'However, in their attempts to classify the cloud, the Klingons were ineffective. As the approaching mist registered on their sensors as nothing more than pure energy, it appeared simply as anomalous to their pattern definition buffers. Outside of the visible similarity to space nebula common throughout the Alpha Quadrant, the cloud possessed no definite characteristics. The Klingons appropriately determined that a closer visual inspection of the cloud was necessary to determine the liability of allowing it to pass through their imperial space. They broke off their military exercises and changed course to intercept the anomaly. After all, should the flight officers capture the intruding anomaly, harnessing an unimaginable power source would logically provide the Klingon Empire with unimaginable power.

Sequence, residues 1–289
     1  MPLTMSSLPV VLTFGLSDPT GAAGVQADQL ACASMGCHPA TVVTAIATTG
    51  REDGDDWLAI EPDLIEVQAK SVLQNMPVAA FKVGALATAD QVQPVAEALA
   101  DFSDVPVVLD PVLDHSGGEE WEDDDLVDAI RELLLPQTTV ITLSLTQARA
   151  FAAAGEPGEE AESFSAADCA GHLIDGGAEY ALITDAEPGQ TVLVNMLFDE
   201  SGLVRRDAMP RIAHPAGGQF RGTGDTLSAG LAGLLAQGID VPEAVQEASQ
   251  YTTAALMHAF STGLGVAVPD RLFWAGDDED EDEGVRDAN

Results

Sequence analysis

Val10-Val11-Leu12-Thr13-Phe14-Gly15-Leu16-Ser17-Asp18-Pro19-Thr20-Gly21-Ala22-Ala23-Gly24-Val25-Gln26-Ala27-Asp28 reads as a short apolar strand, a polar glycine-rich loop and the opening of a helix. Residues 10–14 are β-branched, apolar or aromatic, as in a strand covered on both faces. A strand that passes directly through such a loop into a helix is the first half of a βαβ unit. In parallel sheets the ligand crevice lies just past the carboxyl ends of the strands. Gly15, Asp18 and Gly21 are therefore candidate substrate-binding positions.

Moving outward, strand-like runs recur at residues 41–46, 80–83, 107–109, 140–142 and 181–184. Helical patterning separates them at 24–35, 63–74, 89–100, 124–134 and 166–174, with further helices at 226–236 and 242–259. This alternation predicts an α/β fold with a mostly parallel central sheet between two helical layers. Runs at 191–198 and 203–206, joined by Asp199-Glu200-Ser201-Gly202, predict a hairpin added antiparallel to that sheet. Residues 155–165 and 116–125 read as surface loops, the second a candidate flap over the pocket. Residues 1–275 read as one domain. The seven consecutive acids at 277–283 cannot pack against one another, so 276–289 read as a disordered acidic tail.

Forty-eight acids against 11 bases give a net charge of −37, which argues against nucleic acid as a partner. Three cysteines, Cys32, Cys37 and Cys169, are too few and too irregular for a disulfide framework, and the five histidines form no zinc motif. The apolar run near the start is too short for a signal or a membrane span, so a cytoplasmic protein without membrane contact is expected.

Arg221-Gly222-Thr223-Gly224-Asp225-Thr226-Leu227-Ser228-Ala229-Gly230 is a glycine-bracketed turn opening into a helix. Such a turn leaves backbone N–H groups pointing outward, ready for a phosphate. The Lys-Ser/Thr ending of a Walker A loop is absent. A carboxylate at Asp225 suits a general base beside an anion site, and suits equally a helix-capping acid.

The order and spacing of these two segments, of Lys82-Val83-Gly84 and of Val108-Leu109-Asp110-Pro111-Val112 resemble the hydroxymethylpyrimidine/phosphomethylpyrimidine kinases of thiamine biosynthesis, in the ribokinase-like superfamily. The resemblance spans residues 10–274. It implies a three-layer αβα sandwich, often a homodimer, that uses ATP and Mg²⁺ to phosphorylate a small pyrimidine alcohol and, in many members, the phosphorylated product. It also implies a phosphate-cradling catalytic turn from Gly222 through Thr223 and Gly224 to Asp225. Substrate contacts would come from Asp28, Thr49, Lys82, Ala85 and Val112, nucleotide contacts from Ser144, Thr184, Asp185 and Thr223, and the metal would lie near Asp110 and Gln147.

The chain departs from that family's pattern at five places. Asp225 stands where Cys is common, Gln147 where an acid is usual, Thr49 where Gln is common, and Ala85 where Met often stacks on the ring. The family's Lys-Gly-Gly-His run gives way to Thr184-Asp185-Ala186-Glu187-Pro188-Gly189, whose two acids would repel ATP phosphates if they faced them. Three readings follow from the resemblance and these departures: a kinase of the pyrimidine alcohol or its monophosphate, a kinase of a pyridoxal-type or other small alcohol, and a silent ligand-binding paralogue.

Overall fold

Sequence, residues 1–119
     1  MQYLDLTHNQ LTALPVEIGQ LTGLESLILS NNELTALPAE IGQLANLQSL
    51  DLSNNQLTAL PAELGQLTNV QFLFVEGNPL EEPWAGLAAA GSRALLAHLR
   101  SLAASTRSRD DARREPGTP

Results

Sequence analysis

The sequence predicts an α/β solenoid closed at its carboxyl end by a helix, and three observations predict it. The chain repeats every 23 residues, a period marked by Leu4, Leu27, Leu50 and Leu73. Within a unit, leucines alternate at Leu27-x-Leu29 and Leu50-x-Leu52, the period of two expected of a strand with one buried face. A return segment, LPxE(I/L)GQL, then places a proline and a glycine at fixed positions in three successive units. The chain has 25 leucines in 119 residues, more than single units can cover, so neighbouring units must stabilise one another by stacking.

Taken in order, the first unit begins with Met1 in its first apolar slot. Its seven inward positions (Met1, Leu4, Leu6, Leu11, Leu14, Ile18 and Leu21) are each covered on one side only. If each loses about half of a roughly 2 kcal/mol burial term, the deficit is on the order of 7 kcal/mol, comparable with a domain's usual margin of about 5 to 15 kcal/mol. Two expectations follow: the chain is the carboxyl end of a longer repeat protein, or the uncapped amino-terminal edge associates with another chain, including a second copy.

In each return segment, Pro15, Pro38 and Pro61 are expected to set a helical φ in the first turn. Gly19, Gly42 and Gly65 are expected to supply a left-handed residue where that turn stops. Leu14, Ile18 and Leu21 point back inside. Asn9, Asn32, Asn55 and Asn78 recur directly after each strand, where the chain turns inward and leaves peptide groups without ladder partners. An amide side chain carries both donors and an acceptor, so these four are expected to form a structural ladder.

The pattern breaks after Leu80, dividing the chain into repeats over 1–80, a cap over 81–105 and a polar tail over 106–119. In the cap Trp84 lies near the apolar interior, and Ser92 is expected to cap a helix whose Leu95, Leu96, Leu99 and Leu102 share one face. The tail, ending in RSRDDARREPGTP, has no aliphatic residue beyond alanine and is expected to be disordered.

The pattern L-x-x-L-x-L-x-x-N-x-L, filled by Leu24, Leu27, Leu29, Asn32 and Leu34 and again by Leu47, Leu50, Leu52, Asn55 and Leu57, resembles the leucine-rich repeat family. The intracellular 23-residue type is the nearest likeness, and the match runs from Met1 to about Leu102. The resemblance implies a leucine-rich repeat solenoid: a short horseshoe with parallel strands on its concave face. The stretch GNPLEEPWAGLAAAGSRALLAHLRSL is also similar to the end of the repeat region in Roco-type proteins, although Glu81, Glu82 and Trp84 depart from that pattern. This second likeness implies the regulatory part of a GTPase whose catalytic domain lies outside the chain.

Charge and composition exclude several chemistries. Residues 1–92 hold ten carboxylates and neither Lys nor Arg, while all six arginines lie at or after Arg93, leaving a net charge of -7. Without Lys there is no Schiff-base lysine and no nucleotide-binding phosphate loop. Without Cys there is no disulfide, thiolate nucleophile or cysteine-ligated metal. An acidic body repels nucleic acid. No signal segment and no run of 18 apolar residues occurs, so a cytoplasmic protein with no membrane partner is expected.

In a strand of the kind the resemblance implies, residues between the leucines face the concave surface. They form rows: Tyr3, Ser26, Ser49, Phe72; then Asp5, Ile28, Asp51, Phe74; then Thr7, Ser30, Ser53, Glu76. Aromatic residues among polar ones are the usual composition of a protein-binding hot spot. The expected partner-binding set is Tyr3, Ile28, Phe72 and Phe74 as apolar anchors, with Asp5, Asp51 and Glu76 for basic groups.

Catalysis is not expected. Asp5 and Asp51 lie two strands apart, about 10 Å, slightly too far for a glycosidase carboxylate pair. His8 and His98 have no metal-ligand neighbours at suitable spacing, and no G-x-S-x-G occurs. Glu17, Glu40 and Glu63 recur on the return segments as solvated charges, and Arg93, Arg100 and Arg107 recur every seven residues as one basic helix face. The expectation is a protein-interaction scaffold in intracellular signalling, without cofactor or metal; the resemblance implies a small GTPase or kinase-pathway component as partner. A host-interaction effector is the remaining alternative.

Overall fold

'Upon closer engagement,' Tuvok pressed on, 'the Klingons determined that the cloud was, in fact, a functioning entity possessing highly advanced weapons and scanning technology. All attempts to perform even cursory scans, from a closer distance, were reflected back, indicating perhaps the use of some type of scanning inhibitors, a technology unheard of at the time and still undeveloped. Rather than frighten the Klingons into retreat, the warriors realized how valuable the prize would be should capture prove possible. After little debate, the flight officers agreed upon yet another course adjustment ... that of entering the cloud.'
Breaking momentarily, Tuvok sighed, solely for his benefit and not for the sake of theatricality, as the Besarian Assembly assumed.